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October 20, 2009

Do Comics and Graphic Artists Reflect Life?


Quite often in the creating comics workshops that I teach, my students will hear me proclaim, “An artist reflects what they experience, see, or learn in life.” In other words, our views and feelings are what we bring to the table on any project.

This is pretty significant when you consider the age-old belief that there are only seven original plots in the world.
Seven basic themes to a story, utilized over countless centuries of storytelling in poetry, prose, lyrics, and…comics. So our phrasing, taste, belief system, etc. affect how we approach any tale we tell and give us the more imaginative variations we have enjoyed throughout time.
This might explain why I like certain graphic novels such as the 2002 noir Batman tale Nine Lives: Who Killed Selina Kyle? (by Dean Motter and Michael Lark). Take the world of Batman, pop it into the 1940s hardboiled detective genre. Then make Dick Grayson a solo, 10-bucks-a-day private eye, with Barbara Gordon as his secretary and Commissioner Gordon as not one of Dick’s fans. Scramble up the backgrounds of some of the better-known villains, and you have a nice take on a story told a million times before. Oh, did I mention that Dick doesn’t like Bruce Wayne and does not know he is the Batman? Guess I didn’t.
Whatever else Motter and Lark are into as artists, they certainly delivered a great story told in that Raymond Chandler style that Hollywood and others have harkened back to so many times. And as I said, their interest (however inspired) gave us a different view of a very familiar plot.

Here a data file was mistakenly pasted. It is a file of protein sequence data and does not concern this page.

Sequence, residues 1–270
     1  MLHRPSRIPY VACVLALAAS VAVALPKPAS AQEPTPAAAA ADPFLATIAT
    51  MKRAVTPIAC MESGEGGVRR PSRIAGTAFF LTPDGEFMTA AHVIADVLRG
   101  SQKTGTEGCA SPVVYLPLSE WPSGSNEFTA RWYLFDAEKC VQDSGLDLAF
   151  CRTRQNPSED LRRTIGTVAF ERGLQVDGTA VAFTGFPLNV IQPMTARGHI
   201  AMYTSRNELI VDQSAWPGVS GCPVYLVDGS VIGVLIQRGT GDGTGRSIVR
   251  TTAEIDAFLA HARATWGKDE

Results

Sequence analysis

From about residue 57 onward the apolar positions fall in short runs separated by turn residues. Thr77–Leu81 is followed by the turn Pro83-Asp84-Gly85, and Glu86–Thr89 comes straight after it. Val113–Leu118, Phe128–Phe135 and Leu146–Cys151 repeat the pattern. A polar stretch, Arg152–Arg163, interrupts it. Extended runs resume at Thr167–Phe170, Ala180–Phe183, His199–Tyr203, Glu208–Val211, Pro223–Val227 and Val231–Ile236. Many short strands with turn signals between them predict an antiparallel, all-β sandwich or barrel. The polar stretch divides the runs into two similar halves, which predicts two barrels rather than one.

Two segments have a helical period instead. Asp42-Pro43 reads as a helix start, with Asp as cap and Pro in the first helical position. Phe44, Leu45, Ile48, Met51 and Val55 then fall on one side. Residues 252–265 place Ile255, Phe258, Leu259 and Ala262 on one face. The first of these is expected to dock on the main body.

Another example of this influence theory is a graphic novel called The Legend of Hong Kil Dong: The Robin Hood of Korea, by Anne Sibley O’Brien. No, Ms. O’Brien did not transplant the rebel of Sherwood Forest, England, to the countryside of Korea. She actually came upon the legend of someone who acted in a similar manner to the Lockley heir, in an effort to right certain injustices of his time. To give the story a more visual reflection of its cultural origin, O’Brien painted the works in a brush style and coloring that shows the strong influence of that world. She certainly brought what she saw, experienced, and learned to the table.
Two completely different genres, art styles, and stories, but both influenced by works that had come before them. Unique and yet familiar.
Allow me one more example. A few years back, I wrote an article for the Comics Buyer’s Guide. I had asked a number of comic-book writers what they read in their spare time. Just before the article saw publication, a few comic fans and pros heard about it and offered up what they expected to hear from these well-known creators. They expected titles of other comics and magazines…and nothing more. So it was a bit of a shock when they saw the categories ranged from philosophical volumes to esoteric poetry to text books about quantum physics…to cookbooks.
Why were they shocked? You already know the answer to that.
As with food and drink, we are what we take in—and our artistic offerings to the world reflect that. I tell this to my own children, to students, educators, and parents because I want them to fill themselves with as much information and experience as possible.
Some of my students have proven me quite right as they cast aside regurgitated versions of splatter and slasher tales in favor of everything from soul-searching poems to eight-page adaptations of Animal Farm.
It leaves me thrilled to continue doing what I do—what many of us do. It also leaves me asking other artists, “What are you putting in your tank?”